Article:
According to a report from Adrian Wojnarowski of ESPN, Duke sophomore point guard Tre Jones will enter the 2020 NBA Draft.
A projected first-round pick in 2020, Jones could’ve left for the NBA following his freshman season in 2019; however, he decided to return to Durham for another season. During the 2019-20 campaign, Jones was named ACC Player of the Year and Defensive Player of the Year.
— Duke Men’s Basketball (@DukeMBB) March 21, 2020
As a sophomore, Jones averaged 16.2 points, 6.4 assists, 4.2 rebounds and 1.8 steals per game. With a much different shot profile — more volume, more off-dribble jumpers — Jones shot 42.3 percent from the field, and 36.1 percent on his 3-point attempts. Over 40 percent of his 3-pointers this season were unassisted.
Along with Tyrese Haliburton of Iowa State, Jones was one of 18 players in the country this season with 20 percent usage, 30 percent assist rate, 2 percent steal rate and 35 percent shooting on 3-point attempts.
A shift on offense
With Zion Williamson and R.J. Barrett leaving for the NBA, Jones went through a bit of an offensive role change this season. Jones would no longer hang in the corner without the basketball while his lottery-pick teammates went to work.
Opponents aggressively sagged off Jones, especially late in his freshman season, unconcerned with his ability to hit 3-pointers. According to Synergy Sports, Jones posted an effective shooting rate of 66.3 percent on spot-up no-dribble jumpers this season. (This ranks No. 9 in the ACC among players with 30 or more possessions.)
Operating as Duke’s primary offensive initiator, Jones saw his usage rate (24 percent) and assist rate (31.4 percent) spike dramatically. As his pick-and-roll usage jumped a considerable amount, too, Jones dished out 7.2 assists per 40 minutes.
As a shooter, Jones grew far more confident in his pull-up jumper; he frequently looked for transition 3-pointers this season, even with an expanded arc. In the half court, Jones continued to flash his floater/runner game — one positive shooting feature that stood out his freshman season, too.
According to Synergy, Jones finished 145 pick-and-roll possessions this season as a ball handler (38 FG%, 40 eFG%). Here, he flashed some pull-up abilities from the midrange as well.
Jones finished just 34 pick-and-roll possessions as a freshman. He took on a massive increase in volume this season.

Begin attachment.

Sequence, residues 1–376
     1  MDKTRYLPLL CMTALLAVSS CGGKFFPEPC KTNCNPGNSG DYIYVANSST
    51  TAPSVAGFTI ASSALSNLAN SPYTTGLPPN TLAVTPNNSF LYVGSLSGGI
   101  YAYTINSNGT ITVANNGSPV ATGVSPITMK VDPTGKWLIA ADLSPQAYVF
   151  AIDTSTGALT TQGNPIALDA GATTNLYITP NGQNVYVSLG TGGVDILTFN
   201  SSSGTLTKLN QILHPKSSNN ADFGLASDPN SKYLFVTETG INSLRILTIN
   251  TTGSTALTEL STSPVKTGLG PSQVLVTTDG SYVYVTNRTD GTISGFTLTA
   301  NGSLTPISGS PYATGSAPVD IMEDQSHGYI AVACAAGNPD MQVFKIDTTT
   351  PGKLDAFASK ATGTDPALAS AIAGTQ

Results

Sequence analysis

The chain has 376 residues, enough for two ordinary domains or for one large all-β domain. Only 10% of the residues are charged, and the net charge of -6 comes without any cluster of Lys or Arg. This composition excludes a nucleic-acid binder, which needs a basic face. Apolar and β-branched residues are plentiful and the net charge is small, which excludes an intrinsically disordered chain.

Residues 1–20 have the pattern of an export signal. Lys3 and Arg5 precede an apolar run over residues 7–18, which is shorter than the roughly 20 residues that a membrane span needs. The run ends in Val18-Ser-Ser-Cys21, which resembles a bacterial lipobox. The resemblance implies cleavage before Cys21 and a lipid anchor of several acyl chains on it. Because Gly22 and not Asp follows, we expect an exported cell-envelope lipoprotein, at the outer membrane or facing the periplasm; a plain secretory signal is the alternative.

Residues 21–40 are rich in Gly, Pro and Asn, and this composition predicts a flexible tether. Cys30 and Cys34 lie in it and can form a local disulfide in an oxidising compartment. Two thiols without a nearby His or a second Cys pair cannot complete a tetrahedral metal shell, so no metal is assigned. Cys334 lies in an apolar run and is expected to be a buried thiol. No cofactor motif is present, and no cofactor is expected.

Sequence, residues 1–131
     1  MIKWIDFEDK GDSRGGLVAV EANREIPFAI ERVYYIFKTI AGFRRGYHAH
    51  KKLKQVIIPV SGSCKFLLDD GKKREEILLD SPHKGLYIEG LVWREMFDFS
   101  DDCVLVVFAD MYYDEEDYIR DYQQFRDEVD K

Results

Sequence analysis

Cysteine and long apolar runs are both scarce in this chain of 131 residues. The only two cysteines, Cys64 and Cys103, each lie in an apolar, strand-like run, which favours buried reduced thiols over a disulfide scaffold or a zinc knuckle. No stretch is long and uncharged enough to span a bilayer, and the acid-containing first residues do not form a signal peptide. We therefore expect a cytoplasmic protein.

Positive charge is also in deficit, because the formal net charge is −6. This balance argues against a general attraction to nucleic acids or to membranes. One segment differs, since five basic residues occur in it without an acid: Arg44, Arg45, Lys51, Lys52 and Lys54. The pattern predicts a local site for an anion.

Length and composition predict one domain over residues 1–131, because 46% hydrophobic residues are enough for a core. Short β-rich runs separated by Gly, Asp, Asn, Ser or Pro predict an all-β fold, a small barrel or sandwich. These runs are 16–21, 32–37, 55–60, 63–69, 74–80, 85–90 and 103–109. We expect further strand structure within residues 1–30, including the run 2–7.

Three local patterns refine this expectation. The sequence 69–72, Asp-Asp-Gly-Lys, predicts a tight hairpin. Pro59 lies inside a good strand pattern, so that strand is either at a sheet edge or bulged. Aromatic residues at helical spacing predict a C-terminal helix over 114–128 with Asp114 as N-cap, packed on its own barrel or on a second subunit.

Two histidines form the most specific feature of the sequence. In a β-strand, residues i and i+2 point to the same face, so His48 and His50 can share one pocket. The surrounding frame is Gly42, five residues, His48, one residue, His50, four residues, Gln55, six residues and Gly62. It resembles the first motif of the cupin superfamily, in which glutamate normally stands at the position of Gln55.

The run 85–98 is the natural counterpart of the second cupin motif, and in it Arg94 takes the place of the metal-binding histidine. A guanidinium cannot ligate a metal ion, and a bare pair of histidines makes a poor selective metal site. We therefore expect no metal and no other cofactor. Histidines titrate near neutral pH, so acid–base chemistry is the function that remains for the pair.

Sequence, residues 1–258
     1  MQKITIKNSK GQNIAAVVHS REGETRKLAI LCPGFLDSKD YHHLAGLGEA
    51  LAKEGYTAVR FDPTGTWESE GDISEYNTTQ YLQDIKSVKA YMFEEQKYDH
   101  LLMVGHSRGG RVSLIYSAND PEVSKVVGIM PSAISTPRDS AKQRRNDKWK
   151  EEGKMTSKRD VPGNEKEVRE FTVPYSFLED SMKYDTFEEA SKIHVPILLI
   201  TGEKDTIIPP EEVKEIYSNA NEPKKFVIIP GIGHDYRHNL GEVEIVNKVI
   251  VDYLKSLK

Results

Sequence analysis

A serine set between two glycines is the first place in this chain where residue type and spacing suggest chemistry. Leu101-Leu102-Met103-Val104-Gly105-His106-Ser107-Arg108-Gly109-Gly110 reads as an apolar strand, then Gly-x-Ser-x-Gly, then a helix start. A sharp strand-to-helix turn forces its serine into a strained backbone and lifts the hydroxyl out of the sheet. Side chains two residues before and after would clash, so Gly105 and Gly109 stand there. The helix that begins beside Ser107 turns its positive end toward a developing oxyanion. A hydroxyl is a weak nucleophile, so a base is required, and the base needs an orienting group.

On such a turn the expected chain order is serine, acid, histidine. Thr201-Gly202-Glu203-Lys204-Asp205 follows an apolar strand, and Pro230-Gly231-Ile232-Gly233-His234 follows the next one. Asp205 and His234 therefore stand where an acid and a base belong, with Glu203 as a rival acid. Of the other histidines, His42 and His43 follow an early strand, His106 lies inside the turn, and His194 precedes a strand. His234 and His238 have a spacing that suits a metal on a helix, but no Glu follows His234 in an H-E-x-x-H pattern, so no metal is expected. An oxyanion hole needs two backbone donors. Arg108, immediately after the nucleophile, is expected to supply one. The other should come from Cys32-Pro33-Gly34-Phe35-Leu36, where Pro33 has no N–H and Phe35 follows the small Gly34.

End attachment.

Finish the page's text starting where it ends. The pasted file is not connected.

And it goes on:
Beyond his half-court passing, Jones is an offensive engine in transition, too. One of the best hit-ahead passers in this draft class, Jones plays with wonderful vision and timing; he’s able to throw teammates open. (Haliburton is excellent in this regard, too.)
Smart guards know the importance of pushing tempo; the best guards, however, have the actual ability to execute those tactics.
On the other side: Tre Jones
Jones is a ferocious competitor; he’s also one of the best defenders in country, gifted on and off the basketball. Over his two-year career, Jones recorded 120 steals in 65 games (2,258 minutes) — 2.1 steals per 40 minutes.
In terms of on-ball defensive approach, there are similarities to Chris Paul. Jones is always in a stance, eyes focused on the midsection of his cover. With a low-center of gravity, Jones is able to slide and stay in front of all kinds of twitchy guards. (The lateral movement of Jones, at times, likens to that of tennis star Novak Djokovic patrolling the baseline. Their lateral reflexes are both so damn quick.)
His on-ball excellence is what led to his defensive reputation; however, it’s the off-ball instincts that could really help on the next level, too. Team defense is so important in the NBA. The team that selects Jones gets an assignment-ready defender on Day One.
Beyond the technical aspects, Jones is a passing-lane menace. He spies passes before they develop, and breaks on the ball — tracking it in the air — like a defensive back in football.
Jones also has the ability to tag, track and locate as an off-ball defender — chasing his assignment off screens and pouncing when the opportunity presents itself.
This adds to his defensive upside as well; NBA teams need defenders with boundless energy that are capable of going stride for stride with some of the best movement shooters in the world.
A smaller guard, Jones will need all of these tools as he transition to the NBA. Defensively, what he lacks in size and length, he can compensate for with quick hands and heady decision-making.
It seems less than likely that Jones projects out as a high-usage A-1 offensive creator in the NBA. While his shot is no longer a liability, it’s no exactly a strength, either. There’s room for growth as a pick-and-roll conductor.
Jones, however, makes winning plays; he’s a winning basketball player, one with a good sense of how to push pace and generate ball movement. Jones will be a good transition player on the next level, even though he almost never dunks (outside of warm-ups); guys will love playing with him, as he continuously helps facilitate high-probability scoring opportunities.
Tre’s older brother, Tyus, found a role in the NBA as a low-mistake player who brings a little something to the table on both ends. Last offseason, he signed a three-year $28 million deal with the Memphis Grizzles, using most of their mid-level exception.
With the upstart Grizzlies this season (No. 8 in the Western Conference), Jones has helped run their second unit, while also splitting team with rookie point guard Ja Morant — a franchise cornerstone. (In 79 minutes, lineups with Jones and Morant have a +8 net rating this season.)
In terms of two-way impact, Jones is a floor-raiser. Even if he maxes out as a bench guard, there’s still tremendous value in that. The brother-to-brother comparison may be a little trite, but there’s a role similar to that for Tre on the next level.